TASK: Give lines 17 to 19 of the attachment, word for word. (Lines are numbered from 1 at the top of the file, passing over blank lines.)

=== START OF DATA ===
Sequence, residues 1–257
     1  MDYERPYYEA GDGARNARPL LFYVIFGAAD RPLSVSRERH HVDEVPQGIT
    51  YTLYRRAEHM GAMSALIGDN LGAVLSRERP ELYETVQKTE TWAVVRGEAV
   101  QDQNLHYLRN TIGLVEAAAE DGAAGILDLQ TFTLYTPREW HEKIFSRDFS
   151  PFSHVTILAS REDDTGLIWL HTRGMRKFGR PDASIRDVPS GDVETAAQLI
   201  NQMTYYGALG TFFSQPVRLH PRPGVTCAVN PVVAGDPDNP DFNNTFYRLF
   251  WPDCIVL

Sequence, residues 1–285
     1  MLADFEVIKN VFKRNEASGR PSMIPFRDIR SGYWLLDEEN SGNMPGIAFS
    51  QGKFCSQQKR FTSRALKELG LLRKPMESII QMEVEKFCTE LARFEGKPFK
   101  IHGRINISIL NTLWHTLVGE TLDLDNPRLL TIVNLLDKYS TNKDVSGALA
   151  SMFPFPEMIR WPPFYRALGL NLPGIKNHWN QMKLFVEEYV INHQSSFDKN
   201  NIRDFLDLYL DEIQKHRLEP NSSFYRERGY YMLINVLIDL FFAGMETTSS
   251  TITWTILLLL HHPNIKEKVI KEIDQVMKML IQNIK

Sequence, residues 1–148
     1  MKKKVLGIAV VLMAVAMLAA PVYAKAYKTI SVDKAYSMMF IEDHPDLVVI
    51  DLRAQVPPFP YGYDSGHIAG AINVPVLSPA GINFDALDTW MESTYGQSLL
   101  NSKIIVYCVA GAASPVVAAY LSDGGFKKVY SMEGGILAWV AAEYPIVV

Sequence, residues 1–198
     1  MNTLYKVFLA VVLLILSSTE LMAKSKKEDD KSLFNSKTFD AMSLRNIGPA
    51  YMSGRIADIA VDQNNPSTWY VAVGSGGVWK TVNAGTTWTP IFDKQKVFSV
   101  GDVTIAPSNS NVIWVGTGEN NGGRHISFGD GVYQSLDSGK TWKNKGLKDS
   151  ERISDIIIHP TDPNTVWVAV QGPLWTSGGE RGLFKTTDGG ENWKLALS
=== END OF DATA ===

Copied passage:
    51  DLRAQVPPFP YGYDSGHIAG AINVPVLSPA GINFDALDTW MESTYGQSLL
   101  NSKIIVYCVA GAASPVVAAY LSDGGFKKVY SMEGGILAWV AAEYPIVV

Sequence, residues 1–198